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Why Are Medieval Manuscripts Filled with Raging, Armed Rabbits?


Daniel Esparza - published on 05/30/16

These are not your classic Easter bunnies.

Imagine the life of a medieval copyist. A scribe, that is. You would have to transcribe an entire volume, whether you liked that particular book or not, on a daily basis, word by word, with your pen and ink and vellum. No Microsoft Word, no “delete” key, no electric light, no “save,” no “copy + paste” functions. And then, once you’re done with that one, start over. Again. With another book.

Oh, and, please, do not forget to illuminate it with beautiful capital letters and decoration on the margins.

Of course you would find some scribes willing to fill those margins with crude scenes, often violent, or grotesque. As Cory Doctorow wrote in his piece on BoingBoing, “The margins of medieval manuscripts were a playground for bored monks with crude senses of humor.”

And one of their favorite motifs to express such moods was, yes, the murderous bunny, just like the one in Monty Python’s Holy Grail movie.

Knight-like armed, violent rabbits were often depicted in marginal decorations killing dogs, humans or jousting against other creatures. But what’s the symbolism behind them?

Jon Kaneko-James, as cited by Cory Doctorow, explains it:

“Since rabbits and hares were signs of cowardice, innocence, helplessness, and passive but willing sexuality (lots of medieval sexual imagery involves wolves jumping on rabbits), the idea of them getting their revenge amused medieval artists as much as it amuses me. All told, they are pretty helpless animals whose only hope of survival is to breed fast and run away, a trait that wasn’t particularly successful in the Medieval era – a significant proportion of the French economy was based on eating and skinning rabbits.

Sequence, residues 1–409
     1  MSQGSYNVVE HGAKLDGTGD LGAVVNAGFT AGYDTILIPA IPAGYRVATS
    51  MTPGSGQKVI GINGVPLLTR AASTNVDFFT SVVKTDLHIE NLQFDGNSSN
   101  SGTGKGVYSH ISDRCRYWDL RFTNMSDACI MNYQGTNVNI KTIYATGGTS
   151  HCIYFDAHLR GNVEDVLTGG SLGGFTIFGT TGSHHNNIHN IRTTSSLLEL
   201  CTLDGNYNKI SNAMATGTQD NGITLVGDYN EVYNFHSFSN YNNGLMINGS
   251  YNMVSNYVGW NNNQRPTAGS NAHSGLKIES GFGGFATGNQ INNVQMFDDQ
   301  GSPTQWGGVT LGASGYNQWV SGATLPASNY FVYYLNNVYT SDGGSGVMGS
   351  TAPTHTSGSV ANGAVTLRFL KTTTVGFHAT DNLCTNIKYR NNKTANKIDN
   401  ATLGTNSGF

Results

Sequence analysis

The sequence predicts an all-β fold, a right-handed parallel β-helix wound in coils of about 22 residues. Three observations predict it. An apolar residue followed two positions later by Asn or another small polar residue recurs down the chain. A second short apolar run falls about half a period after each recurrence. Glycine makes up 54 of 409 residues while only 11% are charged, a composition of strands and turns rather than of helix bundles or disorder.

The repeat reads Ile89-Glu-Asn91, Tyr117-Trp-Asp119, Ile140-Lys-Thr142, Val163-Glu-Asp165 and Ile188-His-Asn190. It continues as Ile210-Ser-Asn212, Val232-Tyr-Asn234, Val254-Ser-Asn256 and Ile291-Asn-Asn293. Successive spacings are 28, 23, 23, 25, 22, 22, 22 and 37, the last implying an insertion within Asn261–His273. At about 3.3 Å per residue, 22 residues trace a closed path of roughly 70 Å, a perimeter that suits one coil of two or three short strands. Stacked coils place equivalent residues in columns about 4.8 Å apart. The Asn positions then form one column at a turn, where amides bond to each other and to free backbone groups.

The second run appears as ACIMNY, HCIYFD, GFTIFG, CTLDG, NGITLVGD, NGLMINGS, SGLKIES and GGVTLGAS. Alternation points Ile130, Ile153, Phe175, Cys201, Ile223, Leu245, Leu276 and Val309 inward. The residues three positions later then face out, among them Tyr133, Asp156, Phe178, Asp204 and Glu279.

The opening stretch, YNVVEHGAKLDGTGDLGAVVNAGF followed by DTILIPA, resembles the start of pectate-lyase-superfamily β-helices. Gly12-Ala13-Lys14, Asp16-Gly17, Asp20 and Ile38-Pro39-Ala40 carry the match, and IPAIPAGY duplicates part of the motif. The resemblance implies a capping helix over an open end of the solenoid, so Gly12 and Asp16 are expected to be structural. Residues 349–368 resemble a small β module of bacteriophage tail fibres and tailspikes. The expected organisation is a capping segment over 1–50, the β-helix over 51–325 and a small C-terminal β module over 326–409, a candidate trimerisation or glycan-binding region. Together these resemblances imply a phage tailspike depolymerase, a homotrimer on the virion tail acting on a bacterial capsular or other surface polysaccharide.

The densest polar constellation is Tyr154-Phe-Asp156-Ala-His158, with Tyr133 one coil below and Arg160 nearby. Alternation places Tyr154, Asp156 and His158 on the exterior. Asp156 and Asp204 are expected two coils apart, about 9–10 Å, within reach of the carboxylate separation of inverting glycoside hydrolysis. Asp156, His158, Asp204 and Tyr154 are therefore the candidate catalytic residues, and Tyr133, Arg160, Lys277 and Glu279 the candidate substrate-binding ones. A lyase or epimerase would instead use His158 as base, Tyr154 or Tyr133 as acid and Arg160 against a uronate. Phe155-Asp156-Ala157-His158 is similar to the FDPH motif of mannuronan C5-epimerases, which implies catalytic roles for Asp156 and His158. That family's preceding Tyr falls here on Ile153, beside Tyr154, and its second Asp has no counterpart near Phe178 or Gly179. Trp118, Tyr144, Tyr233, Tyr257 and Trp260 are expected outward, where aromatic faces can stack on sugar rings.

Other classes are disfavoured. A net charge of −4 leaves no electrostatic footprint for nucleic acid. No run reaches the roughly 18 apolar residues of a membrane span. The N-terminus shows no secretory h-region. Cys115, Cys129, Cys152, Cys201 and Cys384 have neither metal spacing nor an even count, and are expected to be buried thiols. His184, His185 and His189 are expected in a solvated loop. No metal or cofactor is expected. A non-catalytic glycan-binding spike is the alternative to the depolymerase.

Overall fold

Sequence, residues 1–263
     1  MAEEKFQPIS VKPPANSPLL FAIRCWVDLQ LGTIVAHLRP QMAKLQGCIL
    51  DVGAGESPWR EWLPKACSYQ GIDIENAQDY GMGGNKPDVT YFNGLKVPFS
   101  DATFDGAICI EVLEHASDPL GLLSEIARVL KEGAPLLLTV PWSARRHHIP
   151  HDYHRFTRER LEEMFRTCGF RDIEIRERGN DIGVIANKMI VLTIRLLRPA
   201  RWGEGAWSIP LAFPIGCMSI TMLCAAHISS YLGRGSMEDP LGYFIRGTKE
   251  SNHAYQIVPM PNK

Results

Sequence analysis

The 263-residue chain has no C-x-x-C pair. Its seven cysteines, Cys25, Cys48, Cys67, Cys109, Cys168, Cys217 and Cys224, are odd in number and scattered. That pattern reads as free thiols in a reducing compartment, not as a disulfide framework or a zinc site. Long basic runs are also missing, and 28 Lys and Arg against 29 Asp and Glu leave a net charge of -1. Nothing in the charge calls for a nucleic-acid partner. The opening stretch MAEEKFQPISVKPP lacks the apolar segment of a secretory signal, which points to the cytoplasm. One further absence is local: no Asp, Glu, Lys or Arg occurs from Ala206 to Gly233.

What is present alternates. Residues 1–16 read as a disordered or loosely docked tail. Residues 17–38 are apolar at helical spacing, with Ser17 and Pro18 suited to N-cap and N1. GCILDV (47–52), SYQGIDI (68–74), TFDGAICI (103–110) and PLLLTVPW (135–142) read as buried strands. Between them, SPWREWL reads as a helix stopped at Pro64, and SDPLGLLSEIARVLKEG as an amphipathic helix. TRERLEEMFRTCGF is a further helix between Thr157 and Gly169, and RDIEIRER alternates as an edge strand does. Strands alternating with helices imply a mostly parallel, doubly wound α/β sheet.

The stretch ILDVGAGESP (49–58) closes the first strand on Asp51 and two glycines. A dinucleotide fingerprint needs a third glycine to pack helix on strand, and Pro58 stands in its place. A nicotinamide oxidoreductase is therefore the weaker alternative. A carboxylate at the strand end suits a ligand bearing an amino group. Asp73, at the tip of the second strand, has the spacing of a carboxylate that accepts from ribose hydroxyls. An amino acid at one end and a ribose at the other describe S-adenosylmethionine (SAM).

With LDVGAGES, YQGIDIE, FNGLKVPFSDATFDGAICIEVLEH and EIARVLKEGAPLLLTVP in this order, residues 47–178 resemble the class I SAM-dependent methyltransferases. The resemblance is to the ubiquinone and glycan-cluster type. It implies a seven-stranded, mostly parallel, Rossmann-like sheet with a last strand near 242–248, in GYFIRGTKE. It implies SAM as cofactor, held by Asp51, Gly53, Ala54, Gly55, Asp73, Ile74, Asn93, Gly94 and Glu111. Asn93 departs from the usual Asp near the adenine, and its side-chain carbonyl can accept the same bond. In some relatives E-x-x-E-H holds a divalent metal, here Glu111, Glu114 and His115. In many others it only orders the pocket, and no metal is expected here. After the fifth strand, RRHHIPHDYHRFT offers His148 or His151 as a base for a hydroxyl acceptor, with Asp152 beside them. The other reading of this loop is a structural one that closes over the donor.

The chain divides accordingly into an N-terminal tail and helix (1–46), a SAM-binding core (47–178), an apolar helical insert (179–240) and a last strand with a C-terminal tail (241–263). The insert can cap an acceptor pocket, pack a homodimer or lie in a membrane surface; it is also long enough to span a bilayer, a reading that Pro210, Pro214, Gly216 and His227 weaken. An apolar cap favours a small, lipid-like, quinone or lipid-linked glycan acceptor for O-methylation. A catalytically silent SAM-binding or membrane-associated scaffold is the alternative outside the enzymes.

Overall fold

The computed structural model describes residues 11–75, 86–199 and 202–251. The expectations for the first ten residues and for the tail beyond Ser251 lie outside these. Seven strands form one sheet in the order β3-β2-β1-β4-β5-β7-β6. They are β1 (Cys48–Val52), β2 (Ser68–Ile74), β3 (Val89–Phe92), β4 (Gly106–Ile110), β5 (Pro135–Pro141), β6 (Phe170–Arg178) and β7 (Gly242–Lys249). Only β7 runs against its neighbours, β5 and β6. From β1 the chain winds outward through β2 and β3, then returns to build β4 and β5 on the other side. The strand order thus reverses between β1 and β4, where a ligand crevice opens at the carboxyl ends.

“The image of the rabbit’s revenge transcends just the illuminated manuscript – the misericord seats in Manchester Cathedral are supported by a 15th-century carving of a hunter being spit-roasted by rabbits while his dogs are boiled in the pot.

“In medieval manuscripts the image of the rabbit’s revenge is often used to show the cowardice or stupidity of the person illustrated. We see this in the Middle English nickname Stickhare, a name for cowards, and if the we take a look at the Poke list, we’ll see a lot of tough hunters cowering in the face of rabbits with big sticks. In the 13th-century epic Roman de Renart we even have the character Coward, who is a hare, capturing an armed man who drops his sword at the sight of him and ends up being dangled from a stick.”

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